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Temporary Note

By Ismo Santala

Jeff Noon (b. 1957)

I. Introduction
II. Works
III. Interview
IV. Blurbs
V. Links


Looked at in a different light, however, words become a liquid medium, a malleable substance capable of being transformed in surprising ways.
–Jeff Noon, 2001

Jeff Noon was born in 1957 in Droylsden, a small town near Manchester, England. Prior to the publication of his debut novel in 1993, Noon had worked as a playwright, bookseller, and performer – both as a musician in punk bands and staging his own one-man shows. His current output, which encompasses novels, novellas and collections of short fiction, is characterized by emotional intensity and linguistic innovation.
Noon’s versatile prose is marked by musicality. He has a fine ear for natural speech, and uses a lot of dialogue in all of his works. Music, on the other hand, is not only ever-present in the stories themselves, but also suggests new ways of storytelling. The rhythms created by sound and silence, be it in the space of a single paragraph or that of an entire work, punctuate the narrative.
Often, Noon centers his novels around a single object. This object, be it a feather or a grain of pollen, is subjected to incessant repetition and extrapolation, until it becomes linked with nearly everything within a given work. When one takes into account Noon’s rich use of allusion (both to his own works as well as those of Lewis Carroll and Jorge Luis Borges), it is not surprising to find that he has managed to create a network of powerful visual motifs. It might not be going too far to claim that something akin to a private vocabulary has begun to emerge; a chamber of echoes where everyday words embrace new layers of meaning and association.
Noon’s first novels (Vurt, Pollen and Nymphomation) form a story cycle about a Manchester populated by humans and strange hybrid creatures (such as Dogs, Robos and Shadows) whose lives are rooted around the enigmatic Vurt feathers. Automated Alice also has connections to this sequence, as do some of the stories found in Pixel Juice. While there is a timeline, and some shared minor characters, each book is very much self-contained. And although the novels are set in the same city, Noon leaves many details about his fictional reality deliberately blurry. There is no clear-cut distinction between the cycle and the other works, and Noon has continued to develop his core themes and narrative concerns in his post-Pixel Juice work; he’s only shed off the “restrains” of the Vurt universe.
A number of labels have been applied to Noon's works, many of which he would dismiss as inadequate. In fact, he has come up with labels of his own, and so the various books fall neatly into the genres of avant pulp, metamorphiction, post futurism and surrealist noir. Of the above, it is avant pulp that best encapsulates his desire to merge narration with innovation. Noon writes unmistakably human-sized works: his focus is on the individual, his intent is to engage the contemporary imagination.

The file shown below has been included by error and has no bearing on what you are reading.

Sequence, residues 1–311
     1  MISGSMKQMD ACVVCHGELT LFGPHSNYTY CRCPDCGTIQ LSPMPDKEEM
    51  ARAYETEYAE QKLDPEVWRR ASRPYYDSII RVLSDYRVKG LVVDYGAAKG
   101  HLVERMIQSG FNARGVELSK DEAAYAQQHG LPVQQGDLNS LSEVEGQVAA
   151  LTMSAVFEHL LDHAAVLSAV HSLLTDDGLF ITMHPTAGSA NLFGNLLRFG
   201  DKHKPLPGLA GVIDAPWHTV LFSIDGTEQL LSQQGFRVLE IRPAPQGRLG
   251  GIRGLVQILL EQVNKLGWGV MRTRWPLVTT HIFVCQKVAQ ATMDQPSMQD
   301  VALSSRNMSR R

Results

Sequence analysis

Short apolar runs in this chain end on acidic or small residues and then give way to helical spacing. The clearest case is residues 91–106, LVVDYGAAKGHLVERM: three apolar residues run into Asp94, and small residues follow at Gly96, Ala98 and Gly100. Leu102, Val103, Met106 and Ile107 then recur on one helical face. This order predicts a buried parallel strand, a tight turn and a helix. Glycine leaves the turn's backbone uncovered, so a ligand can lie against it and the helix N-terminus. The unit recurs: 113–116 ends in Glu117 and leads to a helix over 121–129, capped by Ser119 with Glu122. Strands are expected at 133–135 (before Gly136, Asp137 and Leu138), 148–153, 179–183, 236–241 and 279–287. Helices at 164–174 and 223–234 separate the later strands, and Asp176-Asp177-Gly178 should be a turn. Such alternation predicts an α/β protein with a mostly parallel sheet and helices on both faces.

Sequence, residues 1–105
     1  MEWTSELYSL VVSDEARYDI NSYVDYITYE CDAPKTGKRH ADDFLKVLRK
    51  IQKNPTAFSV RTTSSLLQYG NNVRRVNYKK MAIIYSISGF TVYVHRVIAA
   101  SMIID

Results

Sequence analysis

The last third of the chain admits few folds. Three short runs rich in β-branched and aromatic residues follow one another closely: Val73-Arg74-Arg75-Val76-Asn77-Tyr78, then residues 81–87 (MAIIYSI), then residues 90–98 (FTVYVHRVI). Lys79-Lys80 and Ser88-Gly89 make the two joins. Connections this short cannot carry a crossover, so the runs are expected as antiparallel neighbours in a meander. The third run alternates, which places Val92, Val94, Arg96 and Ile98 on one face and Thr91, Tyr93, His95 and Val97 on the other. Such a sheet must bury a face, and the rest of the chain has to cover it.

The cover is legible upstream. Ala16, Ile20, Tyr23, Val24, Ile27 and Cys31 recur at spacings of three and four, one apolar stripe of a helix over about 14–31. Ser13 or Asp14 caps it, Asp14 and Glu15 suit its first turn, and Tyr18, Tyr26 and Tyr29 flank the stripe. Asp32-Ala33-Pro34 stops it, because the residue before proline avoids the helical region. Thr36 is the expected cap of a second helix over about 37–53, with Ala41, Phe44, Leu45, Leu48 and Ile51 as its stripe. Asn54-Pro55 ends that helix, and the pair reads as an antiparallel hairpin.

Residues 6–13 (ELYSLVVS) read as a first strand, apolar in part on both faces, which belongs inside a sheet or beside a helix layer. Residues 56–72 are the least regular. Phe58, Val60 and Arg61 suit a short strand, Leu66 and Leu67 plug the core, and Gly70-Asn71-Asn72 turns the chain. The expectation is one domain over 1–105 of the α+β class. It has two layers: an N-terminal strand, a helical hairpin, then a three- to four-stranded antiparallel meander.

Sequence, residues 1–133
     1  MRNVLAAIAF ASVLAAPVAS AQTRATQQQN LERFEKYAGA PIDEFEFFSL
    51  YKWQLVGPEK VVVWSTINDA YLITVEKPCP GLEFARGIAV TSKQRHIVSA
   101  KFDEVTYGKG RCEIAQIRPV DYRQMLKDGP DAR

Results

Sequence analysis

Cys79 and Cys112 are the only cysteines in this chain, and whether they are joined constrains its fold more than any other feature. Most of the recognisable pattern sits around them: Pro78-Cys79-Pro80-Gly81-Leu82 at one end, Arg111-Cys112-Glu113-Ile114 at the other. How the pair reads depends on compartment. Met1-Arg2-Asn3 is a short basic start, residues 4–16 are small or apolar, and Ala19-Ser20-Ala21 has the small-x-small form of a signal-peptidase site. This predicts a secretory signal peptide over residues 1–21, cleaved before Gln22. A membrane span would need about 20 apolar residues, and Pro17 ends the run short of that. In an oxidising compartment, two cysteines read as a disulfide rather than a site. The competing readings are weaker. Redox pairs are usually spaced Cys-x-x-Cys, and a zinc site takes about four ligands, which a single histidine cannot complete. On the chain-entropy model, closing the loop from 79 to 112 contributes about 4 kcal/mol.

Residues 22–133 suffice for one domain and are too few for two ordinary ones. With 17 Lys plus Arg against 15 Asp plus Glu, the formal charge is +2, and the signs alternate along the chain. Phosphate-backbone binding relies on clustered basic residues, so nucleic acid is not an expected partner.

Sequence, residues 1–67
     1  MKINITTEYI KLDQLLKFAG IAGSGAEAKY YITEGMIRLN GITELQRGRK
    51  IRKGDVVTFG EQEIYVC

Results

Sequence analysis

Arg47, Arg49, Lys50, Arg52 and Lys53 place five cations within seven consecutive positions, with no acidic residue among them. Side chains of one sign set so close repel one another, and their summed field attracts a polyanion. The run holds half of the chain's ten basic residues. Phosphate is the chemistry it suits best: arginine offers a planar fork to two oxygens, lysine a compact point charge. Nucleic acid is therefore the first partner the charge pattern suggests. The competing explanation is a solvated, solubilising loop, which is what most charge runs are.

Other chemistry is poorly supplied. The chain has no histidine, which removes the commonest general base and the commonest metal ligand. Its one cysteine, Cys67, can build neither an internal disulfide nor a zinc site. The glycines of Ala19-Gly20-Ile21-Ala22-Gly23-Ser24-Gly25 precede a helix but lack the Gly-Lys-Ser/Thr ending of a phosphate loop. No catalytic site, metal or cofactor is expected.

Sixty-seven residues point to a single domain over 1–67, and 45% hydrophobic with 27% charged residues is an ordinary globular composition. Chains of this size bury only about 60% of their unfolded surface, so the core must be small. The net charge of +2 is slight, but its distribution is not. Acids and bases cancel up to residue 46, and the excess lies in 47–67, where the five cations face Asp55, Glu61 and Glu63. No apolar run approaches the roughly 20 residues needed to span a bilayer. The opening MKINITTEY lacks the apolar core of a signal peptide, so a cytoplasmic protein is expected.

Noon has a keen interest in the possibilities of storytelling and the English language. Because of the continual process of experimentation and re-evaluation, each work carries a welcome roughness, a sense of urgency. What is more, he has been going from strength to strength: Cobralingus’ “fluid” literary fireworks were followed by the noticeably indurated prose of Falling Out of Cars. Noon’s fiction offers a singular fusion of pulp and poetry, the authentic and the artificial, the tangible and the ethereal.

More on Jeff Noon


Works – A detailed bibliography of Noon’s published works, with summaries and commentary.

Interview – Ismo Santala interviews Jeff Noon.

Blurbs – The UK publisher’s blurbs for Noon’s major works.


The Garden of Forking Paths – The works of Jorge Luis Borges form a constant inspiration for Noon's own fictions.

ApmoniaFalling Out of Cars, with its lost characters and delicate storytelling patterns, suggests a loving kinship with Samuel Beckett's works.

J.G. Ballard Scriptorium Page – Noon discovered Ballard in his early twenties, and Falling Out of Cars, an exploration of the non-space, is alive with Ballard's recurring ideas.

Philip K. Dick Scriptorium Page – While Noon is actually closer to Emily Dickinson than Dick, their works are superficially quite similar. Things get a little more complicated once the reader looks beneath the surface, beyond the weirdness...

Jeanette Winterson Scriptorium Page – Though different in style and focus, both Winterson and Noon share a passionate interest in the English language and the possibilities of narrative. They both write from the heart.


JeffNoon.Com – Maintained by Spike Magazine and supported by Mr. Noon, this excellent site offers a plethora of Noon-related articles, reviews and interviews. The essential starting point.

Mappalujo – A writing game between Jeff Noon and Steve Beard (author of Digital Leatherette, among others), Mappalujo is a twisted narrative haunted by mimetic ghosts. Highly recommended!

Official Cobralingus site – Information about the book, including Noon's introduction and notes on the origins of Cobralingus. The site even has a superb Flash-animated version of one of the texts!


Google News Search – This will search news groups related to Noon.

Yahoo News Search – Searched Yahoo for articles and news related to Noon.

–Ismo Santala
8 October 2003


Ismo Santala was born whilst Jacques Tati celebrated his final birthday, and is currently studying English Philology at the University of Tampere, Finland.

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